Susan Sherwin and Katie Stockdale
International Journal of Feminist
Approaches to Bioethics 10 (1): 7-29. 2017.
This article reflects on the work of feminist bioethicists over the past ten years, reviewing how effective feminists have been in using relational theory to reorient bioethics and where we hope it will go from here. Feminist bioethicists have made significant achievements using relational theory to shape the notion of autonomy, bringing to light the relevance of patients' social circumstances and where they are situated within systems of privilege and oppression. But there is much work to be done to reorient bioethics so that it is capable of addressing some current public health challenges. We argue that relational theory holds promise for beginning this work.
Here is an excerpt:
One reason to think that it is important to see feminist relational theory as the shaping sensibility through which other normative concepts and ideals can be understood is that a relational lens enables us to see the ways in which the very possibility of solidarity can depend on whether social, political, and economic circumstances make possible the choices and actions that are constitutive of solidarity. For example, drawing upon feminist conceptions of relational personhood and autonomy, author Susan Sherwin (2012) points out that the choices and actions available to individuals are bound up with the choices and actions of agents at other levels of human organization, such as international bodies, corporations, social groups, and governments. Since moral responsibility is limited to what agents actually can choose and do, moral responsibilities across all levels of human organization are intertwined and thus also relational.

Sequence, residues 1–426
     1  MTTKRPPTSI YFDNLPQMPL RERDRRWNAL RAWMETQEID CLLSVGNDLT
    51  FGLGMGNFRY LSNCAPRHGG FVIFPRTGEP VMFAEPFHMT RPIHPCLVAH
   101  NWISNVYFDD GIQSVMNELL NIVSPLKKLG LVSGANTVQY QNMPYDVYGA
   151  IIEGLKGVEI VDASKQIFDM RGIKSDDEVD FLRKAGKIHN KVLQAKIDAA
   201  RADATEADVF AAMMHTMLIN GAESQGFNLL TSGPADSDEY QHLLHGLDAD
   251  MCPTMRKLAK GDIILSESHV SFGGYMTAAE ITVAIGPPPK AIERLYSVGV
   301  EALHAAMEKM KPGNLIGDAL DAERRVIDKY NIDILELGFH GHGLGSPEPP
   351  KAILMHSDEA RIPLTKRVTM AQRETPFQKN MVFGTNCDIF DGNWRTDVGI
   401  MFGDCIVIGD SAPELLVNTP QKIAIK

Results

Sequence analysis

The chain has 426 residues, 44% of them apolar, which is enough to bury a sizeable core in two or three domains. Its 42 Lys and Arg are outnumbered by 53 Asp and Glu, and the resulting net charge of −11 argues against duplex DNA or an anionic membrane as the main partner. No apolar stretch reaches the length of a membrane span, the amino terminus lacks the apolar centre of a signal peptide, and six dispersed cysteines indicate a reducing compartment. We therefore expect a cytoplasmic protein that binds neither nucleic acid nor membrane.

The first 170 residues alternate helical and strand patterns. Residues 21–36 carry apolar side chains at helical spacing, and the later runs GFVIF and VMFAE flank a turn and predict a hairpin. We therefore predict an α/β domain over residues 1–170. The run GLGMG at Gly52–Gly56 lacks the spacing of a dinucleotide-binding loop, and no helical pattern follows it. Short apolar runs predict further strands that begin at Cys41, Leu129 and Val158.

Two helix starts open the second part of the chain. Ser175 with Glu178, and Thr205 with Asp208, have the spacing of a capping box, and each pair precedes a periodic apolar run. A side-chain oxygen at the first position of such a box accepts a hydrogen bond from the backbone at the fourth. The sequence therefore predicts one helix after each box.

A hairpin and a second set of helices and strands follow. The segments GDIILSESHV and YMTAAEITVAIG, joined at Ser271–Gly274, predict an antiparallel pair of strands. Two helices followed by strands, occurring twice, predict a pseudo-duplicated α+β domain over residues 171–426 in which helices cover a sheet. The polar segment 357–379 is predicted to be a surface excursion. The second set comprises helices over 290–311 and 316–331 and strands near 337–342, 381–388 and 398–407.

The article is here.